Setting up a Competitor using Stolen Business Contacts

This post runs through some recent case law which provides insights into employees attempting to steal business contacts to set up a rival business. It then provides guidance on how to protect your business from the same situation.

Published Categorised as Employment Law Tagged ,
2014-05-05 - How To Protect Against Employees Setting Up a Competitor using Your Contacts - Lighter HR
2014-05-05 - How To Protect Against Employees Setting Up a Competitor using Your Contacts - Lighter HR

Are you protected from the enemy within?

We’ve written a string of blog posts now about how social media sites can impact your business.  Of course, there’s the need to make sure that inappropriate pictures don’t make it to Facebook; there’s also the need to make sure disgruntled employees can’t post content on your behalf. We also posted an article on the ownership of business contacts gathered on social media sites.

There is now some case law that helps clarify the position and highlights the need for businesses to take action.

1. Setting Up a Rival Business (Case)

The case in question is Whitmar Publications Ltd v Gamage.

In this case Gamage, along with other senior employees, attempted to set up a rival business whilst still employed by Whitmar Publications.

  • Business Cards – They tried to solicit clients and employees for their new business as well as taking around 450 business cards with client contact information from the employer’s premises.
  • LinkedIn – They also tried to use the Whitmar LinkedIn account to promote their new business.

When the employees then left the business, they refused to give Whitmar the user name and password for the LinkedIn account.  As a result, Whitmar could not access their own LinkedIn pages.

One of the ex-employees also took all of the client contact details from the Whitmar LinkedIn page and used the information to invite all of Whitmar’s clients to the launch party of their new venture.

2. The Outcome: Ex-Employees’ Prohibition

Whitmar sought an injunction to prevent the ex-employees from using confidential information in order to gain competitive advantage and were successful.

The ex-employees were instructed to hand over the user name and password for the LinkedIn account, and prohibited from entering into contractual relationships with any of the clients from the business cards they had removed.

3. Ensure You Have Contractual Protection

Whilst the story is around the ownership of contacts held on social media sites, there’s another important point to be noted here: The employees did not have a written contract of employment in place with any post-termination restrictions.  As a result, there was nothing to stop them from entering into competition with Whitmar.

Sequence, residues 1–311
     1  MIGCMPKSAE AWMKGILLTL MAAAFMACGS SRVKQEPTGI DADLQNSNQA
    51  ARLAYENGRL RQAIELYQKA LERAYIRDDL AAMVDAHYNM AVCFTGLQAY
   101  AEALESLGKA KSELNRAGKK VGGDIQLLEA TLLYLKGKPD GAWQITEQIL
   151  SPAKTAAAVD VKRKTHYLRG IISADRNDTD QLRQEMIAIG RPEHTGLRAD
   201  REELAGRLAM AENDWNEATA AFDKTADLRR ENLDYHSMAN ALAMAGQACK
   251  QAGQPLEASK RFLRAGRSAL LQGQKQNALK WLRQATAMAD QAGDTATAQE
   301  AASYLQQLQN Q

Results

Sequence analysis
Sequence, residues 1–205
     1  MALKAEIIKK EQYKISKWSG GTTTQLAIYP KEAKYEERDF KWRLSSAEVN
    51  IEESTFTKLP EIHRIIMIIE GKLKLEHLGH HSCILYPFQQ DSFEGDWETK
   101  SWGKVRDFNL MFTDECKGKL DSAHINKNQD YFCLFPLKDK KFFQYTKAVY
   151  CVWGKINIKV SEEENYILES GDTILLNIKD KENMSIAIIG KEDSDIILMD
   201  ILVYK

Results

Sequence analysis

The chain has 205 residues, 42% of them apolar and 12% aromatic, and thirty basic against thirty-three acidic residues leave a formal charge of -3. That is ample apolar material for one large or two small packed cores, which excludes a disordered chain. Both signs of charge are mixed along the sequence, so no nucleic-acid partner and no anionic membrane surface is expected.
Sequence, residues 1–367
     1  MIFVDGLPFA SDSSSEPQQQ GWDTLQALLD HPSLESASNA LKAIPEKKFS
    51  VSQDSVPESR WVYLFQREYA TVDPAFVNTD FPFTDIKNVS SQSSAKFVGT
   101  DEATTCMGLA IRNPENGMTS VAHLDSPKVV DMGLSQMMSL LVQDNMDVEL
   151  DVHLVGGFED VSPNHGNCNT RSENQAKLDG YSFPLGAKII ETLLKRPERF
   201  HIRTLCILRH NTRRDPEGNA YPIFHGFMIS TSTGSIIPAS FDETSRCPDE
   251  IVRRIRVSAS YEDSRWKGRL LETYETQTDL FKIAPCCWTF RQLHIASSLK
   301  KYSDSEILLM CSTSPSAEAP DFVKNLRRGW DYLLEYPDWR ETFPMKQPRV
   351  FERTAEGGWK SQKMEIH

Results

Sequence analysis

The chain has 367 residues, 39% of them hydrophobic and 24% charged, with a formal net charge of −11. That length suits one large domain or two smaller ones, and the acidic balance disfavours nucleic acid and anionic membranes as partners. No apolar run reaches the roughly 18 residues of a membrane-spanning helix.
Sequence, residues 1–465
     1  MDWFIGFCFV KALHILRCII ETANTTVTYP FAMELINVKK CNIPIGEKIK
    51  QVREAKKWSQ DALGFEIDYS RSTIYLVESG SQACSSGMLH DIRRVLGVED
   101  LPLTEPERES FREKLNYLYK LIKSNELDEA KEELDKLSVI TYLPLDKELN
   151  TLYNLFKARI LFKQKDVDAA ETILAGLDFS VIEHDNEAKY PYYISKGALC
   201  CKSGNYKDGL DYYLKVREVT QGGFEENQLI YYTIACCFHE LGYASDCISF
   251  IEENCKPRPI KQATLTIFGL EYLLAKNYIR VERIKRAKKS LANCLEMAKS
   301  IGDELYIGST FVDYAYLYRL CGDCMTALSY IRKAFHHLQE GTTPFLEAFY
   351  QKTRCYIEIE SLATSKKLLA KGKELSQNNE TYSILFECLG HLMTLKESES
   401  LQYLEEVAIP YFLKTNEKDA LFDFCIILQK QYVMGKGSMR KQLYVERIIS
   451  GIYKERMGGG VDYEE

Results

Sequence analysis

Thankfully for Whitmar, the employees had begun setting up their new venture whilst they were still employed by Whitmar. During employment there is an implied term that employees will act in good faith and fidelity. This implied term does not extend beyond employment.

The actions of the employees during their employment resulted in a breach of the implied term which Whitmar was able to take action against. Had the employees not started to work in competition until after they left employment then this implied term would have no longer applied and there would have been nothing that Whitmar could have done to prevent them.

4. How to Protect Your Business

There are two important points to taken from the Whitmar case.

  • Firstly, make sure you have a Social Media Usage Policy in place.
    • This policy will cover not only inappropriate usage but also the very important topic of ownership of contacts gained through social media sites that are in anyway related to your business.  It will also cover disclosure of user names and passwords.
  • Secondly, we can’t stress strongly enough how important it is to protect your business with a sound employment contract.
    • You have worked incredibly hard to build your business; you’ve had sleepless nights, no holidays, faced financial pressure and, without an employment contract in place, there’s very little you can do should one of your employees decide to leave and set up in competition with you right next door.

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